Chitrashala – Miniature Paintings, Bundi School Of Art


Chitrashala – literally means the school of Art or precisely the School of Painting. Now I have been reading about miniature paintings. That primarily comes from two traditions – Mughal and Rajput including the ones from the Hills of Himachal. Of the various sub-schools of Rajput miniature paintings, the Bundi school of Art is a prominent school. Probably one of the few that have a continued tradition of painting. So, when I got an opportunity to visit the place and that too for an event called Chitrashala, there was no way I was going to miss it.

Chitrashala paintings all over the walls at Ummed Palace, Bundi
Chitrashala paintings are all over the walls at Ummed Palace, Bundi

It is one of the most beautifully painted rooms in Umaid Bhawan Palace. This is where I spent most of my time, so this post is only dedicated to the miniature paintings here.

Chitrashala – Miniature Paintings, Bundi School of Art

The first sight of Bundi Town
The first sight of the town

The first sight of Bundi town was breathtaking – a sea of blue houses surrounding a lake in front of a hill. A fort on top and a bunch of Palace’s hanging from a cliff-like formation. We went around the town to reach the entrance of the palaces. Through a series of gates that were both carved and painted, we reached the upper Palace, some of which were painted. As we kept going up the walls kept getting richer with the vibrant paintings that combined the mythological scenes from the epics and the daily life of the palaces.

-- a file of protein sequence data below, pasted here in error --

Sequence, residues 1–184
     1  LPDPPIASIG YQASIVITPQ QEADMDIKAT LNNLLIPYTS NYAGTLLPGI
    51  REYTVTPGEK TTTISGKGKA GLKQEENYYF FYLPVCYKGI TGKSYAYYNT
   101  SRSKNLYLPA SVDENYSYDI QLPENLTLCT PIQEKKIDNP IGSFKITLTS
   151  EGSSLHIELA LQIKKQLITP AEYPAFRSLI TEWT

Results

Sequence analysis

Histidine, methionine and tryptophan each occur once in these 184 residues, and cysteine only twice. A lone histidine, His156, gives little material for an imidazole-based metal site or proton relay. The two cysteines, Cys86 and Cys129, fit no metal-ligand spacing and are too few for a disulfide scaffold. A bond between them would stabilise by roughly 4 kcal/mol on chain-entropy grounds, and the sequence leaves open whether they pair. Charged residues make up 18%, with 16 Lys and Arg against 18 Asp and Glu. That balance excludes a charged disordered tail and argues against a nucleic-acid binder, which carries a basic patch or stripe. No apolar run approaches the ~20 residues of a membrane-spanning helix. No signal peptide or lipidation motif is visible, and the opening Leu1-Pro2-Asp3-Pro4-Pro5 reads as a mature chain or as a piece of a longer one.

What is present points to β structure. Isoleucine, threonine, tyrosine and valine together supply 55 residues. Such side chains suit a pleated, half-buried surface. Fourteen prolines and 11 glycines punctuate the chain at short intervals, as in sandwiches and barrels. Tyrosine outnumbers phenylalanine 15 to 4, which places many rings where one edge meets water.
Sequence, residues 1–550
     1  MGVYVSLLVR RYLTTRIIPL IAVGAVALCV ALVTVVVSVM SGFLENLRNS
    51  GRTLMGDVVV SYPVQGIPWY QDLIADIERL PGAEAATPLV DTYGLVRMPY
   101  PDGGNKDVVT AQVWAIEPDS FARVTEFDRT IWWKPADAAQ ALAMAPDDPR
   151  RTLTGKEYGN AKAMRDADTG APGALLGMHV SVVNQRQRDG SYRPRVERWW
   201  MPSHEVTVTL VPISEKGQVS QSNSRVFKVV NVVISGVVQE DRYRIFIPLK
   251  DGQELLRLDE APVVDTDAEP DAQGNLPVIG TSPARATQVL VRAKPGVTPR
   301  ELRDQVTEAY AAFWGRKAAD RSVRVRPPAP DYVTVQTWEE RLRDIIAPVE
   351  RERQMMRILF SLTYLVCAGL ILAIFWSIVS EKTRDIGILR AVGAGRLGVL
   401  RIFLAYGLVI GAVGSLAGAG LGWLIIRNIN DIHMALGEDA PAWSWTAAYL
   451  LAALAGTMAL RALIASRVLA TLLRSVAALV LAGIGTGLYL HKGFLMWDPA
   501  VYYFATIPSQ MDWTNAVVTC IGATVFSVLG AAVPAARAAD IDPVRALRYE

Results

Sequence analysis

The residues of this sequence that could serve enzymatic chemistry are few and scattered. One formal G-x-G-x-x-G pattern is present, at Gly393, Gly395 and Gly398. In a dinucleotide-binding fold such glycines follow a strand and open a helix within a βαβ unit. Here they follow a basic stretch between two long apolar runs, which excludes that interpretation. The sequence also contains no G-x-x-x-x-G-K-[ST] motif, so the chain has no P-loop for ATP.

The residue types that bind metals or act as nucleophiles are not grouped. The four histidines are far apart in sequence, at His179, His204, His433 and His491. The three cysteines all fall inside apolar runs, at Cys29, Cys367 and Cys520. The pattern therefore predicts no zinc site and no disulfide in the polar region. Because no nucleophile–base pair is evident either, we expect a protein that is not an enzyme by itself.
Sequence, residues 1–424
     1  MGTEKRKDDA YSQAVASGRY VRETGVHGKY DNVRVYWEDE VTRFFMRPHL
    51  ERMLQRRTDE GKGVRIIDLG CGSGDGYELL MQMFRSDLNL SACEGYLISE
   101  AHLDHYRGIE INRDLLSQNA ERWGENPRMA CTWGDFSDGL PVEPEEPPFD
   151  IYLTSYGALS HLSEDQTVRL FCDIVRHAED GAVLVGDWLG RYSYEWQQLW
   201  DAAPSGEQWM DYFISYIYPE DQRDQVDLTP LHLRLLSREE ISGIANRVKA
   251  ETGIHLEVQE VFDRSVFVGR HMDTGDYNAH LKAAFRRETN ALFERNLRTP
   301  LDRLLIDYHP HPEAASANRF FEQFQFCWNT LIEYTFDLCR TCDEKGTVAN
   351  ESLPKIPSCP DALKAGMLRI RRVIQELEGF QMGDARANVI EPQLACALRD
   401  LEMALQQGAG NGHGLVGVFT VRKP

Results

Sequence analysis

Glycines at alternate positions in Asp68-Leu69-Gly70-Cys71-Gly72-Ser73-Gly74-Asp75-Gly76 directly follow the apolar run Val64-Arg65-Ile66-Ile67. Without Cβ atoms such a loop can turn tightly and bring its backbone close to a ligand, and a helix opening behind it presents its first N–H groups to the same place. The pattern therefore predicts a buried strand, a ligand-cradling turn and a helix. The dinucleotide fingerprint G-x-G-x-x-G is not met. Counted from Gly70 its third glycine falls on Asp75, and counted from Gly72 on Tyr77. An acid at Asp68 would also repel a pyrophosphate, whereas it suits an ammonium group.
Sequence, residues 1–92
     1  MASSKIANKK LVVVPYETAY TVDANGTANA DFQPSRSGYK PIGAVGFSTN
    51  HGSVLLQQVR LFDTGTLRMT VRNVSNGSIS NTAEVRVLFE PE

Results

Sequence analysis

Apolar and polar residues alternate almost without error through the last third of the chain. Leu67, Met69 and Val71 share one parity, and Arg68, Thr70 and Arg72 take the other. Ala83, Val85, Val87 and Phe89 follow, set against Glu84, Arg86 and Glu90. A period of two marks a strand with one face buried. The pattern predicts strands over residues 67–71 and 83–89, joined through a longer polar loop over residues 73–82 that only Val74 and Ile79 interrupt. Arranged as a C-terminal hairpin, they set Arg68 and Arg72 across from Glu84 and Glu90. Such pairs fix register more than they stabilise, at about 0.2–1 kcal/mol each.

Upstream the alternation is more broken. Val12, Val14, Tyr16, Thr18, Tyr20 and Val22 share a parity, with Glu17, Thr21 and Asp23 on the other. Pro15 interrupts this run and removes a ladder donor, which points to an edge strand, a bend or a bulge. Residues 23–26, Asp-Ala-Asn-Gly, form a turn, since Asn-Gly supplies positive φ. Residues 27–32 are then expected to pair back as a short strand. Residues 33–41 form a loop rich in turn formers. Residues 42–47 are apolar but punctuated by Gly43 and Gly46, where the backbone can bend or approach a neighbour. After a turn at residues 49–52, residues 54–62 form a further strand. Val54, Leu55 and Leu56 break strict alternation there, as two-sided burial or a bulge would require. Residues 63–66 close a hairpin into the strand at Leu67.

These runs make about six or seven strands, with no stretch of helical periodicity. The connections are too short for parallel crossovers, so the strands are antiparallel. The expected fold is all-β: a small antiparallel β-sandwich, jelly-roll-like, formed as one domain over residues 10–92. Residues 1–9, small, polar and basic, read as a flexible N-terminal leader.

Miniature Paintings – Portraits at Ummed Palace, Bundi

A collage of portraits depicting the daily life of women
A collage of portraits depicting the daily life of women

The pinnacle of this series came at Umaid Bhawan when we reached the blue-green room called Chitrashala. All of us were mesmerized. For someone like me, this was a paradise of its kind. But even those who are not history or art enthusiasts keenly listened to the stories and admired the profusely painted walls. Let me walk you through some of these stories on the walls.

Painting of Lord Krishna lifting the Govardhan Parvat
Painting of Lord Krishna lifting the Govardhan Parvat

When you enter this palace all you see is green and blue color – a soothing but unusual combination of wall paintings. When you start looking at the paintings, you have to zoom in to see the fine details painted. You admire the skills of the painters when you can distinctly see the multiple layers of fine fabric on a human figure. When you see the optical illusion where a single piece acts as the heads of two different animals. Like an elephant and a bull in a scene depicting their fight. The body rhythms and expressions of the Gopis as they beg Krishna to return their clothes are just brilliant. Every strand of hair flows with the wind. Landscapes and animals are limited to their need for the scenes, though.

Lord Krishna Raas Leela painting at Chitrashala, Bundi
Lord Krishna Raas Leela painting

Umaid Bhawan Palace, Bundi, Rajasthan